Labor & Education

Universities may get their own innovation parks

Over the past 30 years, Hungary has built its economic development on innovation developed and imported from abroad.

Technology developed abroad was brought to Hungary by investors who also brought new management and work methods. This is how most countries that have successfully caught up started, said György Matolcsy, Governor of the Magyar Nemzeti Bank (MNB).  

The involvement of capital and technology remains essential for both developed and catching-up economies. However, success is ultimately due to a domestically owned business sector being built up based on domestic innovation and capital, in addition to the business sector built on foreign ownership, technology and management, he said. 

According to the central bank governor, most success stories occur due to a new wave of technology. Some of the greatest examples are the Danish food industry with its niche products, the Finnish and Irish IT sector, the universities of Singapore, the Swiss banking system and Austrian alpine tourism. However, it is much more difficult for a new country to succeed. Hungary’s success became sustainable because the country had a domestically owned technology and business sector that was among the best in the world, Matolcsy wrote.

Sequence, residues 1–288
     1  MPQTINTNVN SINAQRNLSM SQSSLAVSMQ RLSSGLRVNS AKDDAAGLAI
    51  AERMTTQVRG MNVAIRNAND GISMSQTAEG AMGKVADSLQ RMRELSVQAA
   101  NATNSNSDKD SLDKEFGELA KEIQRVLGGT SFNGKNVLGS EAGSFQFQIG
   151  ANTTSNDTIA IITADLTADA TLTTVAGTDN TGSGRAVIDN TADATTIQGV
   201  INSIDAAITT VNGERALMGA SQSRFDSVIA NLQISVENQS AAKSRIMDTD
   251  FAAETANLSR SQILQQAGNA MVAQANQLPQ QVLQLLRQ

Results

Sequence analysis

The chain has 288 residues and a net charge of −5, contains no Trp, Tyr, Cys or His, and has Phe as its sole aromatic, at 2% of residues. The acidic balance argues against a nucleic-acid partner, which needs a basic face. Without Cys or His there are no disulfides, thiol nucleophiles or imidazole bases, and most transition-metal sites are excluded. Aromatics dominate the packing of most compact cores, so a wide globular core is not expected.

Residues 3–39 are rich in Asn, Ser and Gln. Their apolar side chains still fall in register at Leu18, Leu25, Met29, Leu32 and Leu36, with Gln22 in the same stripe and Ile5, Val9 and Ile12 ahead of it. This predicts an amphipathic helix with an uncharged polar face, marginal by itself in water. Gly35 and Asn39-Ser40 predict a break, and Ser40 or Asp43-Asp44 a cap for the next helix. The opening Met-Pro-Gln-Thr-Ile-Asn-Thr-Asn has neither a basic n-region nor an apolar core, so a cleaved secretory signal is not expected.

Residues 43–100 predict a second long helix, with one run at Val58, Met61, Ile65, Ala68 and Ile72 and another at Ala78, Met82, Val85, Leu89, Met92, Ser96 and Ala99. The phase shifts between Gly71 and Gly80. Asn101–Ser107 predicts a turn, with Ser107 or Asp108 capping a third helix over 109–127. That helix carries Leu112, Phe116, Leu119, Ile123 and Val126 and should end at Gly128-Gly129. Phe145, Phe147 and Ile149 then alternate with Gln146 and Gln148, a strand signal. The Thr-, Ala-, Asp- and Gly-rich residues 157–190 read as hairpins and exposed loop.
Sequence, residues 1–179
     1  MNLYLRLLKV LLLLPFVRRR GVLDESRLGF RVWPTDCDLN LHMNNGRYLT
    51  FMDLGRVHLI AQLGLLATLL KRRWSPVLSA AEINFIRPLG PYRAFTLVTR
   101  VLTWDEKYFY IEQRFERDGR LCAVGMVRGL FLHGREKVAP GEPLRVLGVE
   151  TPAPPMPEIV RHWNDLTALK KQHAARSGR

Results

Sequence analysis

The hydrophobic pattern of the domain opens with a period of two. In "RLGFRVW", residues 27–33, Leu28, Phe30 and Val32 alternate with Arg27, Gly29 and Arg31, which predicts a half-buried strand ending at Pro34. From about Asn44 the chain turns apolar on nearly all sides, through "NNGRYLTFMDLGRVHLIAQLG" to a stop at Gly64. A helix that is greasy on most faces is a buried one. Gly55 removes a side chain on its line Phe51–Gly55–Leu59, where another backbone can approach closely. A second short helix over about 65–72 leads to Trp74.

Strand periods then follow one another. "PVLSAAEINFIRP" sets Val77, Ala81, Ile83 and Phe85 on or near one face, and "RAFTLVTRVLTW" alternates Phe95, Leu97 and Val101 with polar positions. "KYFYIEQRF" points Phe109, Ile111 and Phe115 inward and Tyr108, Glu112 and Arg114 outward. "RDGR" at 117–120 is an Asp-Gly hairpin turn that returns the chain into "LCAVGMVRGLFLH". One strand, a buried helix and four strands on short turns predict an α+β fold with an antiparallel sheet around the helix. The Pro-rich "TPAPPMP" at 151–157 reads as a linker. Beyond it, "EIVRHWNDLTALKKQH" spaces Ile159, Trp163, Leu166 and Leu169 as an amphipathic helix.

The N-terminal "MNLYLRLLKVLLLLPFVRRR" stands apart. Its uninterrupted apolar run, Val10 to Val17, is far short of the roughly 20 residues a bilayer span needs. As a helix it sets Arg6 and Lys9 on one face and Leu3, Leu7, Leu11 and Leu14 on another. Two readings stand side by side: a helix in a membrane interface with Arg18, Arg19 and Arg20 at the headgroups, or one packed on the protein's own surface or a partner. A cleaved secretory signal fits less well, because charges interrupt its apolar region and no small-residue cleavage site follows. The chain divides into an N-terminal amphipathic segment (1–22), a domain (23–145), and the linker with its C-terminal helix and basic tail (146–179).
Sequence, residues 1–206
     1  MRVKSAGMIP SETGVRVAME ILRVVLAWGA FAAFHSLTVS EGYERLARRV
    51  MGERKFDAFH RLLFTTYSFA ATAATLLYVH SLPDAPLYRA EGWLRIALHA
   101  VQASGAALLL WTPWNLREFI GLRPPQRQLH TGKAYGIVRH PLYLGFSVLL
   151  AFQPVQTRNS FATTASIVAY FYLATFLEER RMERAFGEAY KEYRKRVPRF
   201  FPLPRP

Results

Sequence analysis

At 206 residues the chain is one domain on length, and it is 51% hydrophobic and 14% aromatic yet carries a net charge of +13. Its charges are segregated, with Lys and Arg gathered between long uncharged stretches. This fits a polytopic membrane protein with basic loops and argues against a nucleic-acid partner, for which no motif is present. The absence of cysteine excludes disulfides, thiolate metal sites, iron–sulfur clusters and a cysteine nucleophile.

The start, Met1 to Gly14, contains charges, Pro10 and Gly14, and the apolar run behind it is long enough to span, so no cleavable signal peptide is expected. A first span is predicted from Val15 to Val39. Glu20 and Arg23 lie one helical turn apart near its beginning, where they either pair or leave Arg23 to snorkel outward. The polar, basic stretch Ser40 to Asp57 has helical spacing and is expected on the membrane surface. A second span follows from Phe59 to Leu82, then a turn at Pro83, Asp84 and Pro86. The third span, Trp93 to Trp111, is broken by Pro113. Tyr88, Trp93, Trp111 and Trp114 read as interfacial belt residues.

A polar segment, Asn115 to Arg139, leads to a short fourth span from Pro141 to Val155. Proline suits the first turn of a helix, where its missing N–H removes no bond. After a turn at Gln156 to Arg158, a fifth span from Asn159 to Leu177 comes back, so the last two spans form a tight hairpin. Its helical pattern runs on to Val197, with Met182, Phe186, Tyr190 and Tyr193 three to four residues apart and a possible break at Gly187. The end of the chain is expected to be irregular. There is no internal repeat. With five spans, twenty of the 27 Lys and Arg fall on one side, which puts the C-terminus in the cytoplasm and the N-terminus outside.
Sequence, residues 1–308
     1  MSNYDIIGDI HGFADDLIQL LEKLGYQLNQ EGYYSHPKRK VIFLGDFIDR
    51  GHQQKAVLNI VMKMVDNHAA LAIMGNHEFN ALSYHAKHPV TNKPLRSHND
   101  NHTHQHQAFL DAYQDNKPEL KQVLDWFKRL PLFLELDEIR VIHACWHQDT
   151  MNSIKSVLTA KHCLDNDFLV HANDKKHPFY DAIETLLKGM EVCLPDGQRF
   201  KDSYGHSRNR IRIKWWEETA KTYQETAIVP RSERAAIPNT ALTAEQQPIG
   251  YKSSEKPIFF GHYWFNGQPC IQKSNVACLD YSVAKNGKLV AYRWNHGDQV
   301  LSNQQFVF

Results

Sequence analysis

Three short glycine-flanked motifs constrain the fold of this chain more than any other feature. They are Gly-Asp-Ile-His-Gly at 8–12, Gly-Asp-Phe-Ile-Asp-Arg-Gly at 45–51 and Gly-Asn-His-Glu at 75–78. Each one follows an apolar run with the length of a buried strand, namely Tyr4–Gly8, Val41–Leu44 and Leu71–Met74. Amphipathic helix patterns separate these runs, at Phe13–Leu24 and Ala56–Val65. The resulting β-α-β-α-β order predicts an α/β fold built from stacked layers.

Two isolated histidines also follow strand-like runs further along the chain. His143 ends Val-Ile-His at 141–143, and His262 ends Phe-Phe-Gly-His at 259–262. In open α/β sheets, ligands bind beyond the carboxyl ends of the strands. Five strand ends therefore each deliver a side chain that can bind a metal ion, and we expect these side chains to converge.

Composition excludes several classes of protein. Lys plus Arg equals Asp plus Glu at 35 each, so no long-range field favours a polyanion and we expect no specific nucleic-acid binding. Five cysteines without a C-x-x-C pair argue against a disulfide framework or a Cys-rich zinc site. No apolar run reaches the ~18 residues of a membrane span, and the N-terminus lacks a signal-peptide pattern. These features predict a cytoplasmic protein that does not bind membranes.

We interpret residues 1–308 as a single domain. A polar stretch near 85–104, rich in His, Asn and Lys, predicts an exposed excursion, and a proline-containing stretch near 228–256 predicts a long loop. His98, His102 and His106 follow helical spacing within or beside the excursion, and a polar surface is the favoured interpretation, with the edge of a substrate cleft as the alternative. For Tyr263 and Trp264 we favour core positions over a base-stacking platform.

The development of giant companies or megacities may not be expected in the Carpathian Basin, but the construction of innovation parks around large universities is, he added.

Universities, however, need more leeway, something that has started with the new maintenance system whereby universities are run by independent foundations, he said.  

There is also a need for a large-scale government program that will provide space, infrastructure, venture capital and credit for the new parks. A program to invite leading Hungarian scientists working abroad to come home is also essential. As part of the program, there should be an opportunity for the universities to participate in the operation of businesses within the innovation park as well, and business advisory boards are a good idea so science can constantly impact business thinking, he said.

Hungary needs “smart gardens” that combine several economic sectors, such as agriculture, water, chemicals, digital technology, pharmaceuticals and health. A fusion of technology, economic know-how and funding is recommended for all university research groups. This could lead, in just a few years, to a brand new business sector based on domestic innovation and ownership, with a regional or even global role, Matolcsy concluded. 

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